I’m still not entirely sure how to pronounce the name of this French establishment. Proudly boasting one hat in The Age Good Food Guide 2013 and sitting on a large property with lovely vineyard views in the regional settlement of Main Ridge, La Petanque has plenty to offer. The French influence is quite apparent on the menu: stalwarts such as terrine, beef tartare and cassoulet abound.
We were presented with a tiny sample of pork and rabbit rillette with a sliver of cornichon and finely shredded fennel, balanced artfully on the end of a fancy tablespoon. It certainly fulfilled its purpose of ‘amusing the mouth’. It’s a shame this wasn’t available as an entree at the time.
It was a classic French tartare: hand-cut sirloin, shallots, capers, parsley, quail egg yolk and pommes gaufrettes, which are wafer thin potato chips cut in a criss-cross pattern. The meat was well-seasoned with a good measure of saltiness from the capers and sweetness from the shallots.
Pork hock terrine
The terrine just held together, with chunks of mildly salty ham melding well with the parsley and tarragon. A single cornichon, crisp proscuitto wafers and quail egg (despite being fried, rather than scotched as stated on the menu) were good complements for the meat. The remaining range of pickled vegetables, however, didn’t do much for me.
Duck and beetroot is good combination. As is duck and fig. And duck and hazelnuts. Not to mention duck and nettles. Unfortunately I’m not sure that ‘all of the above’ was such a great combination. Sure, it sort of worked as a weird hybrid of two different meals on one plate. However the earthy beetroot, spinach-like nettle puree and hazelnut butter, topped off with sticky-sweet star anise jus really just didn’t work as a whole.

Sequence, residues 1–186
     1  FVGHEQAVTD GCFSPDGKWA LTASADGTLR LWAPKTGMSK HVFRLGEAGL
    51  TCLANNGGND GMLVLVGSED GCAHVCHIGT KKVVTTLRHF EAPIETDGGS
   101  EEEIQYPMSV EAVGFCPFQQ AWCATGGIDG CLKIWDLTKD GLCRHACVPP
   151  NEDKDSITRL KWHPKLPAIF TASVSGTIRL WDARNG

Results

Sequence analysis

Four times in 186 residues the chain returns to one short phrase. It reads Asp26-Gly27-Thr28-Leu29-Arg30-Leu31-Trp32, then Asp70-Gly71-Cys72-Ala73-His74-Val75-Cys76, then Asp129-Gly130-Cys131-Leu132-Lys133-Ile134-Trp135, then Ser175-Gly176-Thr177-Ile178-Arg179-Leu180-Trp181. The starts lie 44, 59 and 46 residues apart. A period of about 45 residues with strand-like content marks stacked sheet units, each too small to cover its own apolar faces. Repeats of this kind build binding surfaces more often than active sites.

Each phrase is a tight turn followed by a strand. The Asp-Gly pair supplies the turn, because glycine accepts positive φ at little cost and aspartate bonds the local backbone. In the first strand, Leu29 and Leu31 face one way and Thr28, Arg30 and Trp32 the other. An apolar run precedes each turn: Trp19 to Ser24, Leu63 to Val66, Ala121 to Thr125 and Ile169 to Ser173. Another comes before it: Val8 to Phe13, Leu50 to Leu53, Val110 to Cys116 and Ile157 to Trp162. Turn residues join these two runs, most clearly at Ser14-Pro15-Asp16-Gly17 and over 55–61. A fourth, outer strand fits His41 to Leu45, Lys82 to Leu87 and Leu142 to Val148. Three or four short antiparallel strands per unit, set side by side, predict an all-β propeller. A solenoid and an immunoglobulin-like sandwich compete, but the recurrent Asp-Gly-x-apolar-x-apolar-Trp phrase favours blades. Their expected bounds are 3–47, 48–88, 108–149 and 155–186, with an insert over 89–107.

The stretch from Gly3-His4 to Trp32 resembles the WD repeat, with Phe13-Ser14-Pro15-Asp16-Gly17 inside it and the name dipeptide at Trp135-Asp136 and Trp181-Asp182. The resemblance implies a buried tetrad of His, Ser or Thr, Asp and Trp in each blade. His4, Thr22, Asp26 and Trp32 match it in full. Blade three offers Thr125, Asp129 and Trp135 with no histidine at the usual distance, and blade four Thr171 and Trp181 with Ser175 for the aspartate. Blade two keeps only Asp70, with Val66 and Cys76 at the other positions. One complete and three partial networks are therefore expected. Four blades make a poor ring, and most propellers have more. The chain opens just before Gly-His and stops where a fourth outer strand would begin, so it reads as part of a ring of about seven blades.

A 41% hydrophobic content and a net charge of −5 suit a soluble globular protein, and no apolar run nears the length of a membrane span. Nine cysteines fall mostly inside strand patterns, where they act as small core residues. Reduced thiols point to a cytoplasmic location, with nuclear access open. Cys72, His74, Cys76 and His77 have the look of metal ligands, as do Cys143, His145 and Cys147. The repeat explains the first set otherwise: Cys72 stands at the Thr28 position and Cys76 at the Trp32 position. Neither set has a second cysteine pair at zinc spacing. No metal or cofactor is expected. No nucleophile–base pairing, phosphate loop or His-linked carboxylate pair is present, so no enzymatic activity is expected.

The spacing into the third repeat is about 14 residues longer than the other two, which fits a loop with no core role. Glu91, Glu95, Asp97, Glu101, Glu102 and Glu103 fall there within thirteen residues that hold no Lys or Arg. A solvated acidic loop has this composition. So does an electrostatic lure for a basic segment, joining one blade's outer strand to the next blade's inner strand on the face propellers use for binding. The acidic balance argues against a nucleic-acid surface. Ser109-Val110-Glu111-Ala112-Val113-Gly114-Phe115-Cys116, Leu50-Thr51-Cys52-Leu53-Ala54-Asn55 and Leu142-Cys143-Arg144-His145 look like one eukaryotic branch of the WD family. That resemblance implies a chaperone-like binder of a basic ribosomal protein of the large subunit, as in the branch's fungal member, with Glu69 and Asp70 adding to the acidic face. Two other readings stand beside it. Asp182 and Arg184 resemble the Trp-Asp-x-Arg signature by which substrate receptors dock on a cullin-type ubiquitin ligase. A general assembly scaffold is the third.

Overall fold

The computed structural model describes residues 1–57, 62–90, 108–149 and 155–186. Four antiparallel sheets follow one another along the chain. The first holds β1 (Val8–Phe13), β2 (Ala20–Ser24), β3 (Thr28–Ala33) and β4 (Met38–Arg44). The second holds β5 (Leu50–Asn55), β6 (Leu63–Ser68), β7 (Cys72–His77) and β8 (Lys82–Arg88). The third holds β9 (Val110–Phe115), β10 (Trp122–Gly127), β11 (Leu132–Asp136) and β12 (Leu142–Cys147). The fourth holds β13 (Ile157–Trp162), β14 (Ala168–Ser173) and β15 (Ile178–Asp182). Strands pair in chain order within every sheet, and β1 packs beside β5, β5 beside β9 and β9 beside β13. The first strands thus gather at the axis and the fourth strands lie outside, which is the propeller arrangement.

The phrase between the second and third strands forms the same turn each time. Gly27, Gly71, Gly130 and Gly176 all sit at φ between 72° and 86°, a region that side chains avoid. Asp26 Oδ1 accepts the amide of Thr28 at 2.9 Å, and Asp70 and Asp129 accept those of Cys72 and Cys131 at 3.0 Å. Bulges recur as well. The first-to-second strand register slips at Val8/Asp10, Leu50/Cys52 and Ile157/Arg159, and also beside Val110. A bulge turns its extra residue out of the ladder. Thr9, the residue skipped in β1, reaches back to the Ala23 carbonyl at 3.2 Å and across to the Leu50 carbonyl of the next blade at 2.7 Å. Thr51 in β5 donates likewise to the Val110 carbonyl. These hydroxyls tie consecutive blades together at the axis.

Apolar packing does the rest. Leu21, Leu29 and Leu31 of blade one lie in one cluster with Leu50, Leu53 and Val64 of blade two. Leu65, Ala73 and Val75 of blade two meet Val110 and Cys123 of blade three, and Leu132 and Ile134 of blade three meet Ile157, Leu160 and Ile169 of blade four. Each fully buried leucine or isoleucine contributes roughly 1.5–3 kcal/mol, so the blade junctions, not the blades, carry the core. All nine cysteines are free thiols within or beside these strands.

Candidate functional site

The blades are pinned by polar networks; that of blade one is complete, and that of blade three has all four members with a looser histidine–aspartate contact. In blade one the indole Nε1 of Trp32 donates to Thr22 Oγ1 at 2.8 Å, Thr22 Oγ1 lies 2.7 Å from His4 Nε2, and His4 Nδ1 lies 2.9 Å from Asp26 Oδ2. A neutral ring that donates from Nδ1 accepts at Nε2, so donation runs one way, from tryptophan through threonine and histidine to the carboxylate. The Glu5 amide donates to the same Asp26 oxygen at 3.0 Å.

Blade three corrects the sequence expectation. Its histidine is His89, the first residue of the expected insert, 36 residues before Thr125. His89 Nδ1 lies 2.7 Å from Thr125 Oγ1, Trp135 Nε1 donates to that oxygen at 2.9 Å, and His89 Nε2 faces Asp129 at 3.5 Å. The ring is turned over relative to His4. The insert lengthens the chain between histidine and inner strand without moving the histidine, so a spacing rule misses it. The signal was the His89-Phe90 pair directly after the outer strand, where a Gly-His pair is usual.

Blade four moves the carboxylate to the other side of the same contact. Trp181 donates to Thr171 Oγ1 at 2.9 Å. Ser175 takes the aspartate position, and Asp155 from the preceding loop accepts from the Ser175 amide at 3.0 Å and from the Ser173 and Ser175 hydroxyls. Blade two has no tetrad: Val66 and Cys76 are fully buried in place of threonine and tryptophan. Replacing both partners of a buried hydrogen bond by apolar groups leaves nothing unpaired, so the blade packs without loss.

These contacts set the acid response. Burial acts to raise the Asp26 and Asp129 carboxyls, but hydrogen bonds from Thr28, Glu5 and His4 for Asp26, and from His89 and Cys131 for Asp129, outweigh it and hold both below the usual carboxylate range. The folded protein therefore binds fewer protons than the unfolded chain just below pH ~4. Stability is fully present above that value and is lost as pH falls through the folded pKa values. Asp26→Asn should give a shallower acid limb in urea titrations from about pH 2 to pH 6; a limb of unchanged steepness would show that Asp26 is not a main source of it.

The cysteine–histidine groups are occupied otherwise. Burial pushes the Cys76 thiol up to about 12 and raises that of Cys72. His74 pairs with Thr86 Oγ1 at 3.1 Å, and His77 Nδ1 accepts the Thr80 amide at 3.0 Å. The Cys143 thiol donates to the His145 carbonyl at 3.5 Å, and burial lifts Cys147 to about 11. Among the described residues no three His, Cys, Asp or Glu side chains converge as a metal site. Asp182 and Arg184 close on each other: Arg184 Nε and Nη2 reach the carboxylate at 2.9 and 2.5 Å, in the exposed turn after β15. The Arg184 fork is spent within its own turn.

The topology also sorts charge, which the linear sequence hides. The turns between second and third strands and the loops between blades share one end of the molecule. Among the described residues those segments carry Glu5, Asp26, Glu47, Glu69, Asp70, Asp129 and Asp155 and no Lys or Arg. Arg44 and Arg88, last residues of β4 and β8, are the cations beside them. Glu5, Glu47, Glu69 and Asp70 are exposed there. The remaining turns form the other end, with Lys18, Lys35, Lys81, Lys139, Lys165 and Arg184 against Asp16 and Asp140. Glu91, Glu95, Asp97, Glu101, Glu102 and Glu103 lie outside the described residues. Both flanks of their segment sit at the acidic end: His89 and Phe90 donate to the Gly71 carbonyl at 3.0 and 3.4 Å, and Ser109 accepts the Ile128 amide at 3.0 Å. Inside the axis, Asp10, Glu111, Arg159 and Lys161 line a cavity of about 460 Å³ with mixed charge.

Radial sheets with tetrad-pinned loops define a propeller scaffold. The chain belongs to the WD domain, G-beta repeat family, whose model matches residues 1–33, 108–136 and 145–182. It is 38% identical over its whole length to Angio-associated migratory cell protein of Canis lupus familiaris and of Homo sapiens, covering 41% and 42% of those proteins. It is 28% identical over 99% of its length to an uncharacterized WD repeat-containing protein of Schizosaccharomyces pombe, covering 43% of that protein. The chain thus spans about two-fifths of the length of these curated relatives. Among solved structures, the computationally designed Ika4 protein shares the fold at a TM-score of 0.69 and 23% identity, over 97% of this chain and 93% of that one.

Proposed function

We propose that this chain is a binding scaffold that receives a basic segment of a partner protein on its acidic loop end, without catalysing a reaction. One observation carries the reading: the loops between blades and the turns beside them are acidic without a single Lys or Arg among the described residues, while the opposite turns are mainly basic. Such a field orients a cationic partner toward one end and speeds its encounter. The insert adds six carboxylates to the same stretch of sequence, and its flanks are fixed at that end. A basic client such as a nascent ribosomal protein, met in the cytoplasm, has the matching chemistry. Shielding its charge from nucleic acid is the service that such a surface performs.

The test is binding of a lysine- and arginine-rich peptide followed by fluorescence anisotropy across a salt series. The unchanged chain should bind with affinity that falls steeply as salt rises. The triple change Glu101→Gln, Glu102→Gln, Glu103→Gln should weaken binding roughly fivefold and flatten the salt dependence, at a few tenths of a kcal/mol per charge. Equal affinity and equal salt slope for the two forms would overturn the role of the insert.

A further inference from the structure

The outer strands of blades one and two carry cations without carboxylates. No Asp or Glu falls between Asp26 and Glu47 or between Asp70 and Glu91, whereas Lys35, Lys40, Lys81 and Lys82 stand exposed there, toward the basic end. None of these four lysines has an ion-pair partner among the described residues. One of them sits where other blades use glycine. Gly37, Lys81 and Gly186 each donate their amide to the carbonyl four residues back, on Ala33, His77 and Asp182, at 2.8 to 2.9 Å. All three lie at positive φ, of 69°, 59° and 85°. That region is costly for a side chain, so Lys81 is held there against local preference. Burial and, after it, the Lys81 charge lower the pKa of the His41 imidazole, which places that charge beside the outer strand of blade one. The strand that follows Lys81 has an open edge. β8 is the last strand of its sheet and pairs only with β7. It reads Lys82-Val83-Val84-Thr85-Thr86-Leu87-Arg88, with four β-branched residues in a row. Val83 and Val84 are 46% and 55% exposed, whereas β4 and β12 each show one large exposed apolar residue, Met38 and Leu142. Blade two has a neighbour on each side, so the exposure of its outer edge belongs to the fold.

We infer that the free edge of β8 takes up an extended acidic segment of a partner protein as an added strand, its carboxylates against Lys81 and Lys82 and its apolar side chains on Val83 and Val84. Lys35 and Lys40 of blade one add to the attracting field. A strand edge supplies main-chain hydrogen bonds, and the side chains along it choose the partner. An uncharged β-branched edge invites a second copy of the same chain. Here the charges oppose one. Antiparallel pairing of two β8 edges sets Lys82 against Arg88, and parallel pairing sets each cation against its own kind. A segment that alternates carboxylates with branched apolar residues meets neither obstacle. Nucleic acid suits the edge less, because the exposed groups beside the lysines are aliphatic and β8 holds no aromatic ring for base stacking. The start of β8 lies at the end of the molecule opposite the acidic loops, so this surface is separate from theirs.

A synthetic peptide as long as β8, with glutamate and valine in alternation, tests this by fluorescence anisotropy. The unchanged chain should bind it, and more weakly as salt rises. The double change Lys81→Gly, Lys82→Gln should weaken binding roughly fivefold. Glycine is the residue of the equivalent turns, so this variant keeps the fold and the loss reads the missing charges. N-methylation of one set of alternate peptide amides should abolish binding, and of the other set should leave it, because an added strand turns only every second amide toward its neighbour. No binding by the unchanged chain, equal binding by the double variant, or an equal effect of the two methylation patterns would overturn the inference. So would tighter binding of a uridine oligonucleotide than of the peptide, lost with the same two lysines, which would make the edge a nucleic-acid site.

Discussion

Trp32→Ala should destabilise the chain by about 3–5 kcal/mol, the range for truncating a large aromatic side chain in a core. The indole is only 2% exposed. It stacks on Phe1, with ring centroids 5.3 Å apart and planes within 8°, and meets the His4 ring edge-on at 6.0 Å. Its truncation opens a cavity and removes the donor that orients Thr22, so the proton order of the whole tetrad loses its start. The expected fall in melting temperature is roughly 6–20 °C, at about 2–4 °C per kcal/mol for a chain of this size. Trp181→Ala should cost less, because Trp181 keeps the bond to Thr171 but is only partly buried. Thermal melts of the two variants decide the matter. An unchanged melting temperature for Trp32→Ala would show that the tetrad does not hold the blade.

Bob’s meal consisted of rather more classic flavours, with crispy pork belly accompanied by seared scallops, braised fennel, apples and Calvados gel. I know it’s nothing groundbreaking but I just love the combination of apple and pork. There’s a reason why it’s used time and time again. I must admit I got a bit of food envy here.
Champagne savarin and autumn berries
A ring of champagne-soaked yeast cake was filled with creme patissiere and sat atop a generous helping of plump local berries. Basil foam and pepper crumbs were an interesting yet pleasant match. It was a nice dessert, however it was slightly lacking in sweetness, even for me.
Poached pear with vanilla panna cotta
There’s not much that could have gone wrong here. Silky smooth pannacotta, tender pear, raspberry sorbet, almond tuille, meringue, juicy fresh raspberries. Oh my. I couldn’t help but get a little bit of food envy again. Damn Bob and his good choices.
We dined on the weekend, during which prices are fixed at $88 for three courses or $69 for two. During the week standard entrees are $25, mains $42 and desserts $19.
Service was rather slow and inattentive, with a reasonable amount of time passing before our orders for both mains and desserts were taken. Being seated in the corner may have been the reason for this.
Of course it’s inevitable that I compare the experience here to that of Terminus at Flinders, the other one-hat restaurant in the region which I had dined at the night beforehand. Everything was satisfactory overall, although I felt that some of the flavours at La Petanque just weren’t quite right. I can’t entirely put my finger on it but I did prefer the Terminus. Perhaps that’s just me though.
Nevertheless, La Petanque is a worthy option, and a great place to sample some of the Peninsula’s best produce.La Petanque 1208 Mornington Flinders Road Main Ridge